A Trip To Berlin

Berlin Buildings & Defects

The architecture of Potsdamer Platz

The architecture of Potsdamer Platz

I visited Berlin over the Christmas period, a City I’m very familiar with having been on numerous occasions and took the time to visit the outer provinces, including Potsdam and Mexikoplatz, in the process making some interesting observations, especially regarding concrete carbonation. I guess it’s an occupational hazard that I’m interested in seeing or detailing any interesting approaches taken to dealing with building defects in other countries and of course taking any lessons that can be learned and applied to the UK.

High Level Access

Roof Chimney Access

Roof Chimney Access

It was extremely interesting to note that a lot of buildings in Mexikoplatz have high level access built in to the roof structure to enable chimneystack maintenance. This often entailed that steps or ladder structure being accessed from a roof light, whereby, so long as a harness was worn, then chimney inspection and maintenance should be a relatively simple and inexpensive task.

Roof Chimney Access

Roof Chimney Access

Roof Chimney Access

Roof Chimney Access

 

 

 

 

 

 

 

 

A little foresight can help future proof the building

A little foresight can help future proof the building

 

Roof Ventilation

I was also struck by the importance given to roof ventilation, wherever mansard roofing or rooms in roof space were found, using the roof space for accommodation seemed a fairly common approach and clearly the phenomena of interstitial condensation with the roof structure had been well recognised and addressed. Most of the roofing was seen to have large clay bonnet type air vents installed in abundance, particularly interesting to me as I commonly find that roofing is poorly ventilated in the UK.

Roof ventilation

Roof ventilation

 

 

 

 

 

Roof ventilation at eaves level

Roof ventilation at eaves level

Concrete Carbonation

1960's large panel concrete block

1960’s large panel concrete block

For those of you thinking about teutonic efficiency in construction it was interesting to note that many of the defects that plague 1960’s large panel concrete construction in the UK also    affect similar construction in Germany, in particular I’m referring to the incidence of carbonation in concrete due to poor levels of concrete cover on the rebar. The building in question was a fairly typical low rise block of flats  in Potsdam and given its close proximity to the beautiful old Potsdam cathedral it looked rather out of place in its surroundings.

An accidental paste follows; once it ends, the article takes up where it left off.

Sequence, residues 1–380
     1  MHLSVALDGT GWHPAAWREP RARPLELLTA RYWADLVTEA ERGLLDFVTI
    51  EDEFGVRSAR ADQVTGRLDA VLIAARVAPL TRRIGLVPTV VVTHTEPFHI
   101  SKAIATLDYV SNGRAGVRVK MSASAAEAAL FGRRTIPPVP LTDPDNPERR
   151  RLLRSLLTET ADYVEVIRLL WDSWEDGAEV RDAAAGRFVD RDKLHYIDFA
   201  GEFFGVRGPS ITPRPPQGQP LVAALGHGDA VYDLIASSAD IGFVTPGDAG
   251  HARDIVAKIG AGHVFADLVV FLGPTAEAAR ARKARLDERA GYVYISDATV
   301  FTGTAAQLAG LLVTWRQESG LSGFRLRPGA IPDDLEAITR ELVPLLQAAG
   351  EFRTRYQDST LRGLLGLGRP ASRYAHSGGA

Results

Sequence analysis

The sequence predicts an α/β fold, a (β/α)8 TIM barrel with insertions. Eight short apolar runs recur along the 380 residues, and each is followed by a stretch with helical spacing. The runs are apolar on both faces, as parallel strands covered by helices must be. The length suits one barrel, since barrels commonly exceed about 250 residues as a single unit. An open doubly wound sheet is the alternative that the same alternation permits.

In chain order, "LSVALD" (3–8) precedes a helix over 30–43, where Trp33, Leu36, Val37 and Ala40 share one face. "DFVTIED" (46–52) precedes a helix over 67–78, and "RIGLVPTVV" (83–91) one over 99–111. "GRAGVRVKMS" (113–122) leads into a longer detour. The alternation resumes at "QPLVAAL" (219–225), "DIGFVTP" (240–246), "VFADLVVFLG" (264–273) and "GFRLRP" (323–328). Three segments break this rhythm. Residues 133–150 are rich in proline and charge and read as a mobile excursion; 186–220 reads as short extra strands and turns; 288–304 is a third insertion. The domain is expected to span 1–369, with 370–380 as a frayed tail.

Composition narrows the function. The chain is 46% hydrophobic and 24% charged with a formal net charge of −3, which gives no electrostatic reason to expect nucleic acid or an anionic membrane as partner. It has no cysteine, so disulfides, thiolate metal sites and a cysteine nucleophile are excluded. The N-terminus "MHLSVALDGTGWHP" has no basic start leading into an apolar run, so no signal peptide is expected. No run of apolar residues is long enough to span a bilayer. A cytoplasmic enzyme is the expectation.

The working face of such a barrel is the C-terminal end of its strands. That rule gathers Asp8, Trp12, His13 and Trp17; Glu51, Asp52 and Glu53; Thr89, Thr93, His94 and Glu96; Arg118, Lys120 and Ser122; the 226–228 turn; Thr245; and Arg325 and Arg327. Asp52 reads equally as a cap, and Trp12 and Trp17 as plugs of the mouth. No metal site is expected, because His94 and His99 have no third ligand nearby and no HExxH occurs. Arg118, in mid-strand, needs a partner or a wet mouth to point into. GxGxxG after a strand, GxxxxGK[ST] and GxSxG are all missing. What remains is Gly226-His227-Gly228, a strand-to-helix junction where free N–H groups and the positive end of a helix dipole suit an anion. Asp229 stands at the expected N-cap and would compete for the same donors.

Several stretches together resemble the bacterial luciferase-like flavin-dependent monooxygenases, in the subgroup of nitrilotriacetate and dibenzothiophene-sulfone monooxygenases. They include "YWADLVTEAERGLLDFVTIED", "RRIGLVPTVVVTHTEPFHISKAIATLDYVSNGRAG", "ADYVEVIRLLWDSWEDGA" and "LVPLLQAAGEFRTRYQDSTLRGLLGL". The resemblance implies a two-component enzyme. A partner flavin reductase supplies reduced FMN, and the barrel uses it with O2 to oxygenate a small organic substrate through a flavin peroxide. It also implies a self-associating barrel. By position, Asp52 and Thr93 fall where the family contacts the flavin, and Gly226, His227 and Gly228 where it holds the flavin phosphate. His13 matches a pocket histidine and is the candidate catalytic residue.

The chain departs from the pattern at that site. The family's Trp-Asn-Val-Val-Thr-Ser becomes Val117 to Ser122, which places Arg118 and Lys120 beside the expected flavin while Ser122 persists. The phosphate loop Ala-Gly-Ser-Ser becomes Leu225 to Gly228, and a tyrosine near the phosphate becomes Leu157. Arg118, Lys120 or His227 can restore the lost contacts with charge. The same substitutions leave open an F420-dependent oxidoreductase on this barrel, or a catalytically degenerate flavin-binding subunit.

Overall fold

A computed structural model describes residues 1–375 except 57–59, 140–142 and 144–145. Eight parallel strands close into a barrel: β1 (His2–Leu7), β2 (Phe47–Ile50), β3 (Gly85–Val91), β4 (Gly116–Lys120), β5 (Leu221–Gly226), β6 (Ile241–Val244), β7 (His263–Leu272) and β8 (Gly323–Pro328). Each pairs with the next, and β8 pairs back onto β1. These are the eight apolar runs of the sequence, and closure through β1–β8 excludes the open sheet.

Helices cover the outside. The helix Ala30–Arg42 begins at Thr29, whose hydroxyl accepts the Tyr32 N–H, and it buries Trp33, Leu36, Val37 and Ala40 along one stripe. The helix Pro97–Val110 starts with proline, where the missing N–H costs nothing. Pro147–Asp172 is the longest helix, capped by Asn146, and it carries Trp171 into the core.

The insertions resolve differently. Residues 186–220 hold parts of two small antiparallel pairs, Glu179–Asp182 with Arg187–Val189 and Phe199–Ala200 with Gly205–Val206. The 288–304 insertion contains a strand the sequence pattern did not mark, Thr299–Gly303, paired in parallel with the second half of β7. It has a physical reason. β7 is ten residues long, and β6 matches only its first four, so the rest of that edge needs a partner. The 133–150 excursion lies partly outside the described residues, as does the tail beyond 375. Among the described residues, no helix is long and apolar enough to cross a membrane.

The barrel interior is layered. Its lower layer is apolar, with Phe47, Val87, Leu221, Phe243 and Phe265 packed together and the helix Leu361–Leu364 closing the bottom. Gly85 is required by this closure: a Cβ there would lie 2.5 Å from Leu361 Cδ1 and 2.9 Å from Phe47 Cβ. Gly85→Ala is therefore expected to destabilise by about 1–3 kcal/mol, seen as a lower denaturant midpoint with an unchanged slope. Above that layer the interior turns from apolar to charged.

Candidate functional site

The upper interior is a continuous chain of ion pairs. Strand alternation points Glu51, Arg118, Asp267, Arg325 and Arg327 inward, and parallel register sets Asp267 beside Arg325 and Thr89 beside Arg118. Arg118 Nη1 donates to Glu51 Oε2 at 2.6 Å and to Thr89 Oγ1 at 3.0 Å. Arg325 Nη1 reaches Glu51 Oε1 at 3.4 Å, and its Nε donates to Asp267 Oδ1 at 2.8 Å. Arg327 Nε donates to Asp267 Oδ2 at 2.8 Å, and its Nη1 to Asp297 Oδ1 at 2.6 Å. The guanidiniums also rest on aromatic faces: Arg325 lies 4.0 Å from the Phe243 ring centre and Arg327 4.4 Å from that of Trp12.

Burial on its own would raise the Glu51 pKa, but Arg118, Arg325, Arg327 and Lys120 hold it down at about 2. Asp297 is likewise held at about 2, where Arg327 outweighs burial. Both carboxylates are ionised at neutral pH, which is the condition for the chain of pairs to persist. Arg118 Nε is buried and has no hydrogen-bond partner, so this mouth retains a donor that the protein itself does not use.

Large panel construction

Large panel construction

The construction of this block will be familiar to anyone in the UK familiar with this type of non-traditional construction,which was mainly erected by local authorities in the 1960’s, in a drive to meet the high demand for housing at that time. This particular block, though fully occupied was in a sorry state due to extensive spalling of the concrete due to carbonation and it was clear that concrete cover was very poor, perhaps being in the region of 10mm thick in some locations. Extensive repairs will be required to this block though it was interesting to note that a similar 1960’s block adjacent to this one was currently undergoing demolition. For the short term there has to be a concern for spalling concrete falling from the block, though given the lack of any notably loose concrete, it would appear that at least this issue is in hand; possibly with the building owner at least regularly inspecting the block and removing loose concrete before it falls from the block.

 

Rebar corrosion due to concrete carbonation

Rebar corrosion due to concrete carbonation

 

 

 

 

 

 

 

 

Possible as little as 10mm of concrete cover to the rebar

Possible as little as 10mm of concrete cover to the rebar

 

 

 

 

 

 

 

 

 

 

 

 

Concrete carbonation

Cracking due to expansive corrosion of embedded rebar

 

 

 

 

 

 

 

 

 

 

 

 

 

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Concrete Carbonation

Concrete Carbonation

 

By Kate Allen (Malone Associates Ltd) 

 

Blown concrete caused by carbonation

Blown concrete caused by carbonation

We’ve completed a number of projects lately to non-traditional properties and high rise blocks where we’ve had to consider the effects that concrete carbonation has had on the structure. This has included quantifying the number of defects to allow us to go out for tender on concrete repairs. Apart from the localised repairs, there is a further consideration with regards to how we limit the future effects of carbonation.

What is carbonation?

Concrete is a highly alkaline material and if un-carbonated it has a pH in the region of 12.6. Carbonation starts on the surface of the concrete and can ultimately reach the depth of the steel reinforcement within the concrete.  Reinforcement bars are required in most concrete structures as concrete is strong in compression but weak in tension, therefore reinforcement is added to provide tensile strength. The alkaline state of the concrete provides a passive resistive layer to the surface of the steel reinforcement that prevents corrosion.

Rebar corrosion & spalling caused by carbonation

Rebar corrosion & spalling caused by carbonation